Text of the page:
Take responsibility for your deeds, Moshe Katsav
The former president needs to express regret and serve his punishment.
Good morning to you too. You lavished a special blessing upon me in the courtroom. Many wondered what I had received; I, too, wondered. Some thought you had offered me earnest blessings, but I knew that what you said was, of course, uttered in deep malice, and I think I know why. Of the flood of articles written to denounce you, you always remember a sentence in an article I published the day after you were elected president.
Naively, at the time I believed in Shimon Peres, whom you defeated. I wrote at the time: "This week, when tomatoes were hurled at you once again, many Israelis felt the way they felt the night Yitzhak Rabin was murdered .... For them, hopes have once again been shattered, and a nightmare has returned."
Today, I wouldn't write that way. At the time, I still believed that Peres would bring peace and you would not. And you were quick to show where you stood - a week after you entered the President's Residence, you declared that the despicable Jewish settlement in Hebron would remain on the ground forever. That's exactly what I was talking about. Self-servingly, you believed that my words referred to your ethnic origins. This is, of course, an erroneous interpretation. Of course, I exaggerated in comparing emotions regarding Peres' defeat and the Rabin assassination. And I regret this, but none of this explains why the words remained indelibly inscribed in your memory.
"A nightmare has returned"? I didn't know what I was talking about at the time. As it turned out, this week the nightmare reached its climax. A nightmare that for several years belonged to a few women who worked for you has turned into a national nightmare. This nightmare, which occurred between the walls of room 1817 in Jerusalem's Plaza Hotel, in an apartment and in your Tel Aviv office, now belongs to everyone.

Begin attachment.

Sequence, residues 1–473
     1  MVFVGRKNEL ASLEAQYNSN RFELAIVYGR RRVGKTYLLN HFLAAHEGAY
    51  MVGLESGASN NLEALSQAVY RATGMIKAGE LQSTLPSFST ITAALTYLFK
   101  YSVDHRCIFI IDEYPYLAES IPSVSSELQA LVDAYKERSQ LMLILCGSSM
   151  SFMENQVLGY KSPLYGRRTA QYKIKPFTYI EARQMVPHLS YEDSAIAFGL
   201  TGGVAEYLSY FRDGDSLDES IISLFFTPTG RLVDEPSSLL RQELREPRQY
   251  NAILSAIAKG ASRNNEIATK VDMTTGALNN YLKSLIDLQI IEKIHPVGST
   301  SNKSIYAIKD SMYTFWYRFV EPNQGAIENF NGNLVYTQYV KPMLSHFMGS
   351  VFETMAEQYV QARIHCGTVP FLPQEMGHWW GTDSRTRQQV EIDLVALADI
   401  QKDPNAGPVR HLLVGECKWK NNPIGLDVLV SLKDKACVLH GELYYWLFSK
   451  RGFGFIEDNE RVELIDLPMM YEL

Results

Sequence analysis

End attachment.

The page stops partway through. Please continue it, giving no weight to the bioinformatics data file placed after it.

Still, I won't join those who dance on your spilled blood. The court's resolute verdict suffices, and the ballet of words pirouetting in the press is superfluous. Spicy descriptions of what is in store for you in a sex offenders' prison ward, and the competition to see who can most caustically denounce your name, are unnecessary. The decisive verdict suffices.
Apparently, you still don't understand what you did, and why you were embroiled in this holy uproar. In your own mind, you must be a victim, whereas you see the real victims, the women whose pants you pulled down and whose flesh you took by force, as bearing false witness. When I looked at you, sitting alone on the defendant's bench, your body shrinking and your blood boiling as each clause of the verdict was read out, accompanied by searing descriptions of your actions, I felt no punitive satisfaction. This is a tragedy, one that you delivered to the souls and bodies of your victims, and to yourself, with your unbridled lust. I felt neither compassion nor vindictive joy.
We have never had a president who left his mark on something. Without intending to do so, you have left your mark. You'll be remembered more than the others. Women in Israel (and, one hopes, men ) will remember you. Thanks to you, women who have an obligation to issue complaints will remember to do so. Thanks to you, some men will remember that they have a duty to treat a woman as a person with equal rights, and that power and authority do not provide an excuse to break the law.
These women and men will remember not only that the thief eventually finds the noose, but also that a rapist, even if he is the president, must pay for his crime. They will remember you, because thanks to you we have had a moment of insight showing that despite everything that has occurred here recently, an element of equality before the law remains. That is a real legacy, one that you left after one unfinished term as president.
Were I in your shoes - and there's no chance of that - I would have long ago assumed responsibility for my failures, expressed deep contrition, and apologized to my victims. I would not appeal the verdict; in any case, there's virtually no chance it will be altered. I would accept that I received what I deserved, and I would make haste to serve my punishment, in an attitude of real contrition.
If a sentence I wrote 10 years ago has such resonance in your mind, maybe this one will also echo in your mind, as an ex-president: Take full responsibility for your deeds, Moshe Katsav, express regret and serve your punishment. Then we will all have a morning that's a little better.